It is a known fact that the risk of developing cancer cells increases with the increasing age. Furthermore, larger bodies also tend to have more risk of suffering from cancer as there are more cells in the body; therefore, enhanced chances of mutations that leads to damaged DNA and, ultimately, tumor. However, these theories fall flat when it comes to elephants. These large bodies, as per the theory discussed above, should be around 100 times more prone to suffer from cancer but this is not the case with them. Only 5% of deaths among elephants are caused by cancer. Several studies have been conducted on this matter and different findings have been deduced.

A major reason is that elephants have 20 copies of the p53 gene, a critical tumor suppressor in our bodies. The humans have a single p53 gene. Hence, the low rate of deaths caused by cancer in elephants. P53 gene, also known as tumor protein, regulates the cell cycle in our bodies and directs the response of our body against DNA damage.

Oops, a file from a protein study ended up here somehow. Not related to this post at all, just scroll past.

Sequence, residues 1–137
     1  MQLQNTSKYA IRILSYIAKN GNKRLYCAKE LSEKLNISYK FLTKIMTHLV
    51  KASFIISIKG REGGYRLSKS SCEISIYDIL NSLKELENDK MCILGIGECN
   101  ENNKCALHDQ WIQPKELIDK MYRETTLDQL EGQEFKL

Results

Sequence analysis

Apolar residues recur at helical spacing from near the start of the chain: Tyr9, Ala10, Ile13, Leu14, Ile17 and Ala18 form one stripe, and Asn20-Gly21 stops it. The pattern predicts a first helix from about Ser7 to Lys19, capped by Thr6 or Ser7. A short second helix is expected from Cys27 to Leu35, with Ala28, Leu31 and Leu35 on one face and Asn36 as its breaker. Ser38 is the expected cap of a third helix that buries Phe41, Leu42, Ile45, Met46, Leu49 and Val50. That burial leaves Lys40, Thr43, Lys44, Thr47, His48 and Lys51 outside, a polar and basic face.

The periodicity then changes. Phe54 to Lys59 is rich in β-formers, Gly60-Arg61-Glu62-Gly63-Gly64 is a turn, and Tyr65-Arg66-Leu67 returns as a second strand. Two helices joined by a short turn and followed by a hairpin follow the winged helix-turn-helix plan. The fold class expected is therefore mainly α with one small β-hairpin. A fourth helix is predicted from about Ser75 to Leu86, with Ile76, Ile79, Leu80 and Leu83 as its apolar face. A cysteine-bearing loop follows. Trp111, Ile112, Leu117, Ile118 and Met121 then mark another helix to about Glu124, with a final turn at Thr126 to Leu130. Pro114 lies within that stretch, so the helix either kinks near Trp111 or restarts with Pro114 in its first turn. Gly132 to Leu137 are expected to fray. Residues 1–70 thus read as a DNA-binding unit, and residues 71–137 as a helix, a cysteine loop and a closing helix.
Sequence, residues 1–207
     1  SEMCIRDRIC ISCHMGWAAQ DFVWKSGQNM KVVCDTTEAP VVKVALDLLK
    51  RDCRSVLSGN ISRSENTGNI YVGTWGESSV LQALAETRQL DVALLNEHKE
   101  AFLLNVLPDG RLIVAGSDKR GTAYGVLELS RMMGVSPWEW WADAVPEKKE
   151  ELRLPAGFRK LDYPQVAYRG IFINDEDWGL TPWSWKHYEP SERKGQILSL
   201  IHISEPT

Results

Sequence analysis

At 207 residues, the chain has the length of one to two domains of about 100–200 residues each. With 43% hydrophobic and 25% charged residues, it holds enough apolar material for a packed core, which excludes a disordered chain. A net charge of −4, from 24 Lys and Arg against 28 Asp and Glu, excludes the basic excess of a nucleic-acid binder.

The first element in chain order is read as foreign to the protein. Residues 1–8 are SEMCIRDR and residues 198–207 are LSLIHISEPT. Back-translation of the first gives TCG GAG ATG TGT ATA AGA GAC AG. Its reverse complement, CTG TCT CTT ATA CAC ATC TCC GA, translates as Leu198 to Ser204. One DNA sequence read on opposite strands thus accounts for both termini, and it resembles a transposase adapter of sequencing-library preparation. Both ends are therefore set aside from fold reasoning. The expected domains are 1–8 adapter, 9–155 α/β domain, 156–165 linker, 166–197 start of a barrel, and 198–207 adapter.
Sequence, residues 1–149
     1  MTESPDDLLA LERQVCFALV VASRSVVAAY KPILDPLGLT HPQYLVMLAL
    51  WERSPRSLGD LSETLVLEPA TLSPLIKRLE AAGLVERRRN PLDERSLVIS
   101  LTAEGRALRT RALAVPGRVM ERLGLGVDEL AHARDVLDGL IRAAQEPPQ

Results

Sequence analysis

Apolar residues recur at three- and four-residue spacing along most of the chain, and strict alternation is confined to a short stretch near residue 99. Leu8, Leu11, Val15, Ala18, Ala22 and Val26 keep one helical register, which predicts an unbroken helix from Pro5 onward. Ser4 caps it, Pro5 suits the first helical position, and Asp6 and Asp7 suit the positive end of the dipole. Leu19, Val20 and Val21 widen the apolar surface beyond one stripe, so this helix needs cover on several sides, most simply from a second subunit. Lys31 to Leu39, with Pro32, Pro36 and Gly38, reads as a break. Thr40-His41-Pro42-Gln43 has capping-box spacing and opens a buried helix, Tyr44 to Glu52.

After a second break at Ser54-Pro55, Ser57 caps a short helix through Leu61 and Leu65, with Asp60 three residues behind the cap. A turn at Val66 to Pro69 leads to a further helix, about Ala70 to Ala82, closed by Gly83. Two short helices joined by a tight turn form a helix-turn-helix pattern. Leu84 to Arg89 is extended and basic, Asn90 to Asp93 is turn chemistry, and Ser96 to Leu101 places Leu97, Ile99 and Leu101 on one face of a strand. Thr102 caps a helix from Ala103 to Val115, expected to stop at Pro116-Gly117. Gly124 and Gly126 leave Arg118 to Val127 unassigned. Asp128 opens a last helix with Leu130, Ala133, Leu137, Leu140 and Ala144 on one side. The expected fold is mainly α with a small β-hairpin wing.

In an elephant, a high number of p53 gene if found as compared to humans and other species is not the only reason for the low rate of deaths caused by cancer. Another gene in elephants, known as LIF6, also reduces the chances of these large bodies suffering from cancer.

An elephant, just like the p53 gene, has a greater number of LIF gene, 10 in total, as compared to other beings. It is also known as the ‘zombie gene’. When a cell mutation occurs in an elephant’s body, p53 genes controllers tend to get activated. They, in turn, activate LIF6. The LIF6 proteins clean up cell mitochondria. Consequently, toxic molecules spread to the other parts of the cell. This results in the quick death of the cell.

The finding of this study is that although LIF6 gene is important for elephants as it helps to lower the risk of deaths caused by cancer but it cannot work without p53 genes.

It is important to know that this study hasn’t been validated since it has been only conducted in laboratories on elephant cells. The actions of p53 and LIF6 genes haven’t been studied in living elephants; therefore, it needs proper validation before it could be used for benefits of human beings in combatting different cancers and lowering the rate of cancer-related deaths.